Then, one night about two years ago,
01:24
I was looking after my grandfather
and I saw him stepping out of the bed.
01:27
The moment his foot landed on the floor,
01:31
I thought, why don't I put
a pressure sensor on the heel of his foot?
01:33
Once he stepped onto the floor
and out of the bed,
01:36
the pressure sensor would detect an
increase in pressure caused by body weight
01:38
and then wirelessly send an audible alert
to the caregiver's smartphone.
01:42
That way, my aunt could sleep
much better at night
01:45
without having to worry
about my grandfather's wandering.
01:48
So now I'd like to perform
a demonstration of this sock.
01:51
Could I please have
my sock model on the stage?
01:57
Great.
02:00
So once the patient
steps onto the floor --
02:04
(Ringing) --
02:07
an alert is sent
to the caregiver's smartphone.
02:09
Thank you. (Applause)
02:16
Thank you, sock model.
02:18
So this is a drawing
of my preliminary design.
02:24
My desire to create
a sensor-based technology
02:27
perhaps stemmed from my lifelong love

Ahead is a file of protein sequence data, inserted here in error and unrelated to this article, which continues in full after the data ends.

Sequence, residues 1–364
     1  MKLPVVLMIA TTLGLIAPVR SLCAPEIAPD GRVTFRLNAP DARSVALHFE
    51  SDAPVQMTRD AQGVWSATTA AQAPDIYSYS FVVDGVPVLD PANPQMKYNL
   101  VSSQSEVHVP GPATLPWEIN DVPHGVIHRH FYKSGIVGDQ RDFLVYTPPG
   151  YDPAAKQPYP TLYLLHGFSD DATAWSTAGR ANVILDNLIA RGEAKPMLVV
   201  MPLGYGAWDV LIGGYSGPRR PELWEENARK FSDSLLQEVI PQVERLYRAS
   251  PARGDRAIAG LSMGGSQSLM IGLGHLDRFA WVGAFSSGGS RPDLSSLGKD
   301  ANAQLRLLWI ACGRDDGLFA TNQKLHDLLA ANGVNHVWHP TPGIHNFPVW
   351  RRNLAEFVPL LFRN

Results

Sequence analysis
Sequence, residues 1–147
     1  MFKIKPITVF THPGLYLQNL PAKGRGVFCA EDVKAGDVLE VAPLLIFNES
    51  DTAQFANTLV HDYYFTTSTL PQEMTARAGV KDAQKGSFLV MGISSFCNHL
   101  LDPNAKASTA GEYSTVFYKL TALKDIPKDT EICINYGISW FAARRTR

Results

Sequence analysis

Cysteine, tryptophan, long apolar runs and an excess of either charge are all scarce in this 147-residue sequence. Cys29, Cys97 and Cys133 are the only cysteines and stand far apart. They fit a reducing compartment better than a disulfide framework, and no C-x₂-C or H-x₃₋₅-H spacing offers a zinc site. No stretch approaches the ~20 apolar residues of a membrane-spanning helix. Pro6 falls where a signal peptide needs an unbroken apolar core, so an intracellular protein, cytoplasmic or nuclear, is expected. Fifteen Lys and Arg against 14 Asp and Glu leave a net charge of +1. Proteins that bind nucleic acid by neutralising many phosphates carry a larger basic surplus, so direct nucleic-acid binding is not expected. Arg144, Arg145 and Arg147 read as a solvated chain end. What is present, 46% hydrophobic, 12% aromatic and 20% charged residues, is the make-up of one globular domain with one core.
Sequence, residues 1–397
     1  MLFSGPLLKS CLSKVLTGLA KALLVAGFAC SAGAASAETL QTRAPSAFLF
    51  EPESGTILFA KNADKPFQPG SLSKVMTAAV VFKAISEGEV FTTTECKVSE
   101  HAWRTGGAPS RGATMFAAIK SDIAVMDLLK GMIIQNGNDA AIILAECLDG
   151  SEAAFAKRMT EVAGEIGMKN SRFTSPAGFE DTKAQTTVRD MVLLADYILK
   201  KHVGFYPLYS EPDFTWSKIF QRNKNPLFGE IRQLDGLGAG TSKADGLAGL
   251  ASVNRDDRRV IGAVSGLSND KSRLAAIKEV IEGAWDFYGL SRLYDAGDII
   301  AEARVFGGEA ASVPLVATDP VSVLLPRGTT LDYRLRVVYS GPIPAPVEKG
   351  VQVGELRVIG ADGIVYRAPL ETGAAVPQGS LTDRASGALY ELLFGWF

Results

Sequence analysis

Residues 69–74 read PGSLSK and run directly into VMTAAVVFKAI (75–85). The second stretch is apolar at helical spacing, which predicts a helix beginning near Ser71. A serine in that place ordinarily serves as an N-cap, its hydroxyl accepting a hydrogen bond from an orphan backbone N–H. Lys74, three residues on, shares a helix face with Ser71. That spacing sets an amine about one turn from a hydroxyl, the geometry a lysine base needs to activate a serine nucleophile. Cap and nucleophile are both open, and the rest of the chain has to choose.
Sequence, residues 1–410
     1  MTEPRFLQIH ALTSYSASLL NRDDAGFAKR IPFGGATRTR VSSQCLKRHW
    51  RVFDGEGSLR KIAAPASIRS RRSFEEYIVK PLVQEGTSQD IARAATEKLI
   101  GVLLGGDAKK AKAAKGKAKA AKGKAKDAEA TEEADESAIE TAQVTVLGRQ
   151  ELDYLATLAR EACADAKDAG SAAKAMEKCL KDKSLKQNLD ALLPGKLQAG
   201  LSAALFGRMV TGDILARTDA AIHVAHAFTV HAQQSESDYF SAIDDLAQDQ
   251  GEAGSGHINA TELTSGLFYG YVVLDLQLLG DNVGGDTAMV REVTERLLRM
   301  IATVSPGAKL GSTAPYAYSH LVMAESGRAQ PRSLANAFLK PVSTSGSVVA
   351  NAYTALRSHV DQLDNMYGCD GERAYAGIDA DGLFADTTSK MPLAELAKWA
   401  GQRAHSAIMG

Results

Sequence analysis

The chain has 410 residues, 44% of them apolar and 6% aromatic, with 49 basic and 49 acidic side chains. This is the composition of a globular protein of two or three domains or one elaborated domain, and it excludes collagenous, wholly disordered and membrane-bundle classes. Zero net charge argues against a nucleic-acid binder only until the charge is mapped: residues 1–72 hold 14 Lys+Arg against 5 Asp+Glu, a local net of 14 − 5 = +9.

for sensors and technology.
02:30
When I was six years old,
02:33
an elderly family friend
fell down in the bathroom
02:35
and suffered severe injuries.
02:37
I became concerned
about my own grandparents
02:39
and decided to invent
a smart bathroom system.
02:41
Motion sensors would be installed
inside the tiles of bathroom floors
02:43
to detect the falls of elderly patients
whenever they fell down in the bathroom.
02:47
Since I was only six years old at the time
02:51
and I hadn't graduated
from kindergarten yet,
02:53
I didn't have the necessary resources and
tools to translate my idea into reality,
02:55
but nonetheless, my research experience
03:00
really implanted in me a firm desire
to use sensors to help the elderly people.
03:02
I really believe that sensors can improve
the quality of life of the elderly.
03:06
When I laid out my plan, I realized
that I faced three main challenges:
03:12
first, creating a sensor;
03:16
second, designing a circuit;
03:18
and third, coding a smartphone app.
03:19